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Seeing in the Dark

Dr. RB McFee

Email: drmcfee2020@gmail.com

105 “Thy Word is a lamp unto my feet, and a light unto my path”

Psalm 119:105

This morning I was reading in the devotional Jesus Calling by Sarah Young, about taking the time to be with Christ, to slow down and be mindful of His Presence. One of the closing scriptures was this one from Psalms. It reminded me of the various times Jesus referred to Himself as the Light of the world. And it reminded me of the dark.

Sometimes the dark can be a fun place to be in – playing hide and seek with friends, or reading mysteries to younger cousins, or watching decorations best seen at night. Like who would do fireworks during the day?

But for some the darkness can be a scary place. The dark can promote greater danger, as any inner city dweller, or someone who has walked the back roads of certain regions in the world can attest.

As children we often had a nightlight to push back on the darkness. There is a sense of the unknown when the light is off.

The same is true when we are in unfamiliar territory, walking at night. The shadows seem to taunt us. And yet to a photographer, shadows are the character found in an image. The movie Casablanca was filmed in black and white for that very reason. It wasn’t because color wasn’t available, but the director knew there was a range of emotions that only film noire could evoke, that would be missed by color photography. Having been to that exotic city, the director was correct. As sunlight and emerging darkness play off the white walls and buildings, the interplay between the two evoke a sense of the expectant, the eerie, and the exciting.

Astronomers seek regions with the least amount of light pollution. Seeing the stars from a remote, dark place gives an entirely new meaning to ‘heavenly.’ Having been to an island observatory, I can attest to the beauty of God’s twinkling stars seen from an unlit area.

Many years ago as a student pilot I remember the first time my instructor and I were going to do a night flight. He had me wait for about a half hour in a small office illuminated much like a photographers dark room would be, so that my eyes would acclimate to the darkness, and I would be able to distinguish the lights of different cities and towns more clearly.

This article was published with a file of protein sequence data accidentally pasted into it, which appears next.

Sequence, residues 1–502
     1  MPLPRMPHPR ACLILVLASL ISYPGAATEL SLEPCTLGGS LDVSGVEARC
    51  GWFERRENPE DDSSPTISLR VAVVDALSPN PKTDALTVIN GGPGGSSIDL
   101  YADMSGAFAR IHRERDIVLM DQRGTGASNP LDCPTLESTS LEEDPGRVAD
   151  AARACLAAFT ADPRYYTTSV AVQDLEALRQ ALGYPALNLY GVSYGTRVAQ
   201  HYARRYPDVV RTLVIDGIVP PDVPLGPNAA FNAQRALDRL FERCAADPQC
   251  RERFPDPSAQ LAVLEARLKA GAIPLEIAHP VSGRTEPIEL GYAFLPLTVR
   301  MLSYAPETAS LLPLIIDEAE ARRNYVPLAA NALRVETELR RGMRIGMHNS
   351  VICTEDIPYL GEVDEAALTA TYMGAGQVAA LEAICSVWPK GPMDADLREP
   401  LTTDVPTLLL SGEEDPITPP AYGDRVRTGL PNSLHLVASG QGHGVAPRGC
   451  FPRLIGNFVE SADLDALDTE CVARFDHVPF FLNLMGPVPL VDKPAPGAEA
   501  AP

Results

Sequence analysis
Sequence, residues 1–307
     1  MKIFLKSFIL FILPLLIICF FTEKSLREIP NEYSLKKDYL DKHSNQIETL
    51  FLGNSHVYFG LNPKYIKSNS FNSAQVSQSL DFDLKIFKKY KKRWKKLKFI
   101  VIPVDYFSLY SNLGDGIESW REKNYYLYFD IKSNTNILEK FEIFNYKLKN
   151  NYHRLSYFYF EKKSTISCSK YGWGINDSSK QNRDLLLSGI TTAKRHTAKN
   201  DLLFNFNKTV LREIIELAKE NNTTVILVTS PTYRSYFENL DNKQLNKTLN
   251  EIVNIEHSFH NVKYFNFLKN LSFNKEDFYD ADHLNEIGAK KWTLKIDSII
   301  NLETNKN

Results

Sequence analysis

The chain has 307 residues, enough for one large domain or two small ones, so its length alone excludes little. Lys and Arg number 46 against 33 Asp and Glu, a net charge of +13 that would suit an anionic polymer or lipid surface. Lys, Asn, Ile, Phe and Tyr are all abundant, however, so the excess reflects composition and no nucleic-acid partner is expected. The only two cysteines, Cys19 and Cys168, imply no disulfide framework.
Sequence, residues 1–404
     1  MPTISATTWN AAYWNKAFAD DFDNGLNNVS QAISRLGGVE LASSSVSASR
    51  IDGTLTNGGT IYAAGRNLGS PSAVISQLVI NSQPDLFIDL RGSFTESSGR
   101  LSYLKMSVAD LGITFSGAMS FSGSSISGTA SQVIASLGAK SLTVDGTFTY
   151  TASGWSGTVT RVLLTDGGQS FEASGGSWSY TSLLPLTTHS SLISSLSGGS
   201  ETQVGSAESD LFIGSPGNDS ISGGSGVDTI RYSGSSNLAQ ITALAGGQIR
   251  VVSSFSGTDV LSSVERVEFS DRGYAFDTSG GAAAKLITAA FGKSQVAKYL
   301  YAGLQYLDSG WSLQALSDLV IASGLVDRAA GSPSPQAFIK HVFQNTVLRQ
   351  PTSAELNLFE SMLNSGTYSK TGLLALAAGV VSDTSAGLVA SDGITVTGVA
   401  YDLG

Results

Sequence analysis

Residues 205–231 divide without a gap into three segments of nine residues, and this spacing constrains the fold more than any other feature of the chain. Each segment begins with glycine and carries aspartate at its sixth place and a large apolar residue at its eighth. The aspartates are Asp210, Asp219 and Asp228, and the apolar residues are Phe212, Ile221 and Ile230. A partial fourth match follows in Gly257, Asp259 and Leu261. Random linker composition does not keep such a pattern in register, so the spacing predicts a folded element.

All this is to say we outgrow our fear of physical darkness, even taking comfort in it, as a source of greater scientific or other experiential learning.

But the dark – physically, and spiritually still can be a confusing, disorienting place, especially with flickering lights, instead of a bright beacon.

Then there is the emotional and spiritual darkness we all face at one time or another in our lives. The reasons and causes may differ, but the dark destination remains the same. We are lost. We bang into life without fully seeing where we are going. We feel like a boat caught in a moonless night on storm tossed seas, and not a lighthouse in sight. Perhaps that is how some of the Disciples felt that fateful night spoken about in Matthew 14.

And like the Disciples, we too can have a walking on water spiritual Flashlight come to guide us safely home – Jesus. He came through the wind and the waves, appearing to His Disciples two thousand years ago, and is ready to do the same for us even now.

Thinking on my own life, I wonder, how many times has Jesus – our just in time Savior – appeared out of the mist, like a beam of Light, to help us see what we were missing? Did I notice? Did I ask for it, or was He just paying attention to me more than I was to Him?

The answers, the clarity are usually right where we left them – in the Hands of God, in the Voice of the Holy Spirit, in the Love - Light of Christ.